When people think of IT mobility, the images most immediately conjured regard smartphones and tablets. In truth, however the mobile device landscape could be considered broader than this. The basic definition of a mobile device is simply “any computing device designed principally for portability.” By that definition, laptops should clearly be included in that scope. However, some definitions state that a mobile device must be “handheld” indicating size is a factor without actually specifying how small a device must be to achieve that designation. Regardless of size limitations, those definitions still favor inclusion of laptops since many are available with a form facture that is smaller than some of the larger tablets. Therefore, the defining descriptor for a mobile device must fall to its portability, which also happens to be the key differentiator between a laptop and a desktop PC. Logically, therefor, a laptop is, in fact, a mobile device.
From an IT management perspective, however, the classification of a mobile device does not rely on the device form factor at all, but rather on its operating system. This is principally because management practices and tools for mobile environments, such as iOS and Android, have traditionally been different than those for PC environments, including Windows and Mac. Nonetheless, it must be recognized that even this differentiation is fading. The release of Windows 10 promises to unify the environment across all supported device architectures, while at the same time Apple is increasingly sharing code between iOS and Macs. As the lines rapidly blur between the operating environments, the classification of device types actually becomes irrelevant. Smartphones, tablets, laptop, and desktops are all simply endpoints that need to be managed to enable business productivity.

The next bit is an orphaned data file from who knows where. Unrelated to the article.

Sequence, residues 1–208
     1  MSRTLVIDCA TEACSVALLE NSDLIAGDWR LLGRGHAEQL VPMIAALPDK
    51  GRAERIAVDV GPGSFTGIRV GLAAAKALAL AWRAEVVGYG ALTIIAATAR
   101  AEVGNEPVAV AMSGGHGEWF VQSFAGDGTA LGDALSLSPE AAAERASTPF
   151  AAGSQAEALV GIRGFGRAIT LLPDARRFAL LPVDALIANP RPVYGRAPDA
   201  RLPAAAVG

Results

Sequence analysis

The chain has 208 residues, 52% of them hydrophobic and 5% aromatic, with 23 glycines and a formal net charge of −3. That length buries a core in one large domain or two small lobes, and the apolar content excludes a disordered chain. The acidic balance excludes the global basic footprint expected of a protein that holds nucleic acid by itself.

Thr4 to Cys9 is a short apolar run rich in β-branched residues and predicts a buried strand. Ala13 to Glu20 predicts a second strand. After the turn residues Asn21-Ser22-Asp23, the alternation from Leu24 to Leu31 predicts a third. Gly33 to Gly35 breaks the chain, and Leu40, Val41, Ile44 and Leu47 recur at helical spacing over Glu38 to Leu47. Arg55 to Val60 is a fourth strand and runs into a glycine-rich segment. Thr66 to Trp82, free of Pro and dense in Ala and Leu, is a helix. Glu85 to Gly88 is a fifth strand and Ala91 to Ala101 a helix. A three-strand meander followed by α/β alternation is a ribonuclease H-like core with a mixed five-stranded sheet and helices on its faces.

For organizations supporting enterprise IT services, the merging of device platforms creates something of a conundrum—what platform should be used to manage all endpoint devices supporting the business? Most traditional PC lifecycle management solutions are employed as completely separate solutions from those supporting enterprise mobility management (EMM) requirements. That is, they are managed from separate consoles, maintain separate asset databases, and rely on separate reporting engines. Even worse, application delivery systems are typically independent with the two approaches. As a result, user profiles, security settings, alarms, reports, and many other administrative and maintenance processes must be configured and performed individually in each environment (a process we often call “swivel-chair management”). In addition to the increased management efforts required to support disparate solutions, inconsistent user environments actually hamper user productivity, and a lack of standardization in management practices dramatically increases the potential for failure events.
Unified Endpoint Management (UEM) solutions answer the challenge of merging device architectures as they enable a centralized interface for supporting all user endpoints and all operating environments. From a single administrative console, configuration and status details can be collected from all devices and recorded in a consolidated asset data repository. This enables a holistic view across the support stack to facilitate the rapid identification of issues while providing administrators with the strategic information necessary to make informed decisions on optimal configurations and proactive improvements. Additionally, a single point of management should be maintained for enterprise resources—including applications, data, email, and other services—to greatly simplify endpoint provisioning and maintenance tasks such as patching, updating, security, and configuration management.
The convergence of PC and mobile operating environments is already underway. So, perhaps the question isn’t whether or not a laptop should be considered a mobile device, but rather whether we should continue calling anything a mobile device at all? Smartphones, tablets, laptops, desktops—they are all essential user devices.